Have you seen pictures of the Narrows in the summer and thought, “That looks beautiful but not with all of those people around!” I feel you, but what if I told you there was a way to avoid the crowds and have a solid type 2 adventure? I’m excited to share this with you because there is something healing about having a beautiful slot canyon all to yourself, especially with our current Covid-19 society. This is about the time I Top-Down Hiked the Narrows in Zion National Park over Thanksgiving weekend in 2018.
The Narrows is a 16-mile long slot canyon located in Zion National Park, Utah. Doing the full hike requires a permit from the NPS and needs to be reserved three months in advance. The top-down hike starts on private property just outside of the park, which a shuttle from a local gear shop can take you to, and then heads down the canyon until you wind up at a road in the Park that has a bus stop to take you back to the entrance, where the gear shops are. Logistically, it’s not too bad once you secure a permit, because only one shuttle needs scheduling. When you arrive at the Park, you have to check in, pick up your permit, and select a campsite. So get there early if you can. On to the story.
- Overnight Backpacking Gear
- Breathable Hiking Shoes
- Trekking Poles
- Extra Socks
- Warm Jacket
- Wool Tights
- Stove and Fuel
- Enough Food for Two Full Days
Hiking the Narrows in Winter
After seeing post after post of the breathtaking views found in Southern Utah, my girlfriend at the time recommended that we go and explore them. Since I just moved to Utah for school and didn’t want to spend the money to fly home to Alabama for Thanksgiving, only to do it again in a month for Christmas, we decided to beat the crowds, embrace the cold, and hike the Narrows over Thanksgiving break.
We loaded up the car, headed south, and were on our way. The first night we slept in the car on some BLM land right out of town. Early the next morning, we went to the ranger station to pick up our permits. But upon arrival, the ranger informed us of some possible rain coming in that day and advised us to wait a day to see it if cleared up. Due to the low number of visitors in the winter months, we were able to move our permit to the next day.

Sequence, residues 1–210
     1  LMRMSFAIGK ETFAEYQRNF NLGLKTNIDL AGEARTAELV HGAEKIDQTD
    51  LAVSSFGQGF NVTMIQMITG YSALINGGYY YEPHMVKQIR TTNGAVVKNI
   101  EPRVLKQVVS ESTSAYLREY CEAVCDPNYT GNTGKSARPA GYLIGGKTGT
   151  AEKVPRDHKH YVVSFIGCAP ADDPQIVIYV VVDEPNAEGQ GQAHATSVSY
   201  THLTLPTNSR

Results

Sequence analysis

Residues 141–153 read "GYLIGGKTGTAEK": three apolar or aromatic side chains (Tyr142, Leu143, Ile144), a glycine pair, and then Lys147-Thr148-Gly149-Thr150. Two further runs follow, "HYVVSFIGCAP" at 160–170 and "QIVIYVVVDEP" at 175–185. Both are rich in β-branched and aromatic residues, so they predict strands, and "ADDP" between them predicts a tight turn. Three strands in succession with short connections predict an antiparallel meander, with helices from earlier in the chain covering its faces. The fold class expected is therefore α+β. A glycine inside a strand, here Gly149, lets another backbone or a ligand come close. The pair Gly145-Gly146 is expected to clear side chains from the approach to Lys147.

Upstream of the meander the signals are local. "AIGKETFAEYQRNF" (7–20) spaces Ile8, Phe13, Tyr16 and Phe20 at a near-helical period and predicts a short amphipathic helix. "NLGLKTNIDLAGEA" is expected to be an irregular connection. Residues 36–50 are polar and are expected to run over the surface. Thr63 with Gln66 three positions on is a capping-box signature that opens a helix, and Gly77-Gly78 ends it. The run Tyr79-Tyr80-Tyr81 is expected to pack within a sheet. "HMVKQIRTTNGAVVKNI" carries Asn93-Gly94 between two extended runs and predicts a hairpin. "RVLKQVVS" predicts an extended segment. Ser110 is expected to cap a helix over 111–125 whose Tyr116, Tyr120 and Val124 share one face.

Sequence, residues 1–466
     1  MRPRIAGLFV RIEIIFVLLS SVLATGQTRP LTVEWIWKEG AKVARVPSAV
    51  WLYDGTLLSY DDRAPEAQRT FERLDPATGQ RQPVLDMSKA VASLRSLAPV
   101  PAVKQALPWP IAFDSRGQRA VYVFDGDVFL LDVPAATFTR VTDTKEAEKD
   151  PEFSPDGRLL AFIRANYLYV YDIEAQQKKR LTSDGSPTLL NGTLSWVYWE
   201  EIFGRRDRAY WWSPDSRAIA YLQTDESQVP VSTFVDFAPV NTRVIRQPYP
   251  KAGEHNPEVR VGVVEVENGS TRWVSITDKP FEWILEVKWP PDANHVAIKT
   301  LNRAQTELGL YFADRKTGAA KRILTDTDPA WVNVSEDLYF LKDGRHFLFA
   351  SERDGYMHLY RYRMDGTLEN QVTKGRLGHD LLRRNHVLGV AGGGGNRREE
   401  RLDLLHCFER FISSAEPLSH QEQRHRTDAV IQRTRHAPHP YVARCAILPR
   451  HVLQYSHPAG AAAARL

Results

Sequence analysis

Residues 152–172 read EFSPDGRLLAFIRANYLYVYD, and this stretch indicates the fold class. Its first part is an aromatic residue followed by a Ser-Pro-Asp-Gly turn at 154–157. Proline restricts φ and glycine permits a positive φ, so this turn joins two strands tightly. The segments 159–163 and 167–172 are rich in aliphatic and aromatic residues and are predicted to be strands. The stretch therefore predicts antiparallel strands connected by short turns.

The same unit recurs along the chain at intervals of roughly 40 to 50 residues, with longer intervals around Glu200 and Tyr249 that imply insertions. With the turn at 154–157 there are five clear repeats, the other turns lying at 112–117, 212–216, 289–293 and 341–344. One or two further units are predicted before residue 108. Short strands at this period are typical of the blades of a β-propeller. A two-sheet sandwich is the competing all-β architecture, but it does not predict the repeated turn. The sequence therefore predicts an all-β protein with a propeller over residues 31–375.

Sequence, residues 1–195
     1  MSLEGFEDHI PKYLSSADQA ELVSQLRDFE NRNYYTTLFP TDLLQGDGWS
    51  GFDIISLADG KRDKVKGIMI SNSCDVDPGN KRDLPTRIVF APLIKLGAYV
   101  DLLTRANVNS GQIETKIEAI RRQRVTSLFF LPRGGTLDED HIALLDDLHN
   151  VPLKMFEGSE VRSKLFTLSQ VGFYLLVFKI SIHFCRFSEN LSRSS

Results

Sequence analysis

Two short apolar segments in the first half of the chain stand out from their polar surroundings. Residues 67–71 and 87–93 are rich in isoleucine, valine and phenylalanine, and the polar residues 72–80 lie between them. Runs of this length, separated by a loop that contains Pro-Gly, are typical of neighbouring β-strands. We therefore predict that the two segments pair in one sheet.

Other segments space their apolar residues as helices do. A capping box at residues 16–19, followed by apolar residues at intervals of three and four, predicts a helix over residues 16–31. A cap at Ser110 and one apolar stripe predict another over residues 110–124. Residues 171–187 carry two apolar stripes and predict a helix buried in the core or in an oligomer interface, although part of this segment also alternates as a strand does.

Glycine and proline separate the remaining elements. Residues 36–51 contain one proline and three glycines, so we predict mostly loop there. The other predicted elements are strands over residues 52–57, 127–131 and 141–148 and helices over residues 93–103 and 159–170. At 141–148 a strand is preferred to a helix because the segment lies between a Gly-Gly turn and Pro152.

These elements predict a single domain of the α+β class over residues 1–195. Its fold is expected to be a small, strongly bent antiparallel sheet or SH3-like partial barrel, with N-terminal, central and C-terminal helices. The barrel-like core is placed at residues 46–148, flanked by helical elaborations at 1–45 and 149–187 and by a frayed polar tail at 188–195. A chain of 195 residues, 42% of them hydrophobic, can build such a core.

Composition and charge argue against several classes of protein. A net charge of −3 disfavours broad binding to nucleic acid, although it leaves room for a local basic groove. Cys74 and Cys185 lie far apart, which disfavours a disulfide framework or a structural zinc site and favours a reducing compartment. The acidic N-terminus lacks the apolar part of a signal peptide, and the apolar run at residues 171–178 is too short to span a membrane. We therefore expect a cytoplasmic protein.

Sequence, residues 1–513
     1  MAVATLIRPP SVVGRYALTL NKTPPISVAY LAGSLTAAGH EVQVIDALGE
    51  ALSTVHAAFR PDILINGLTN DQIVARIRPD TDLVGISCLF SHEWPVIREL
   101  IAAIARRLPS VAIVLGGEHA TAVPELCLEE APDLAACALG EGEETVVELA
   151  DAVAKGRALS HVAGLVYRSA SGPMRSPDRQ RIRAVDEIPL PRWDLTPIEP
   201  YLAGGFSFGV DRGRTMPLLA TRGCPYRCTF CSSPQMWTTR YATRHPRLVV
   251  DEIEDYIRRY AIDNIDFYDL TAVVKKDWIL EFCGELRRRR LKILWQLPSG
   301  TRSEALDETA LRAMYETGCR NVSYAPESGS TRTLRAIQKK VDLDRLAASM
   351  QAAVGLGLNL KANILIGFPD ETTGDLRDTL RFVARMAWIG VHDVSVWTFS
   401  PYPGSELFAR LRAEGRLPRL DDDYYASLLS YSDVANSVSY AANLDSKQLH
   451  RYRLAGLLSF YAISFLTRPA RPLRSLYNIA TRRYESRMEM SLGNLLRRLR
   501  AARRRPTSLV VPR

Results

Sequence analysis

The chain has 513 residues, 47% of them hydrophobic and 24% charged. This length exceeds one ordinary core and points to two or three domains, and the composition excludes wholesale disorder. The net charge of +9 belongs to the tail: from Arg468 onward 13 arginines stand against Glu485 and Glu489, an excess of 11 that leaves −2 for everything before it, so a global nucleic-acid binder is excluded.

Luckily we had the time, so my advice to you with slot canyon trips is to check the weather and be flexible on your start date, as flash floods aren’t something you want to mess around with.
Zion is impressive, so we didn’t mind and took the day to hike Angels Landing. The rain turned into snow flurries at the top, with a massive rainbow after. We then ended our Thanksgiving Day in a bar watching football and eating buffalo wings.
The next morning, with packs loaded, we boarded the shuttle and headed through the Park to the drop-in point for the hike. The only other folks who would be in the canyon with us for the trip were the eight others in the van. After unloading, we all took some time to eat a snack and use the privy before donning our drysuits. The hike starts about a mile above the canyon’s mouth, and it feels and looks rather funny to see all these people walking on a dirt trail in drysuits.
When we got over a mile in, the walls started to grow around us, and the dirt began to slip away into the water, until hundred-foot sandstone walls surrounded us. The other hikers had faded away; the only sounds were wind and water rushing through the canyon. It was otherworldly feeling so small and alone in this ancient place.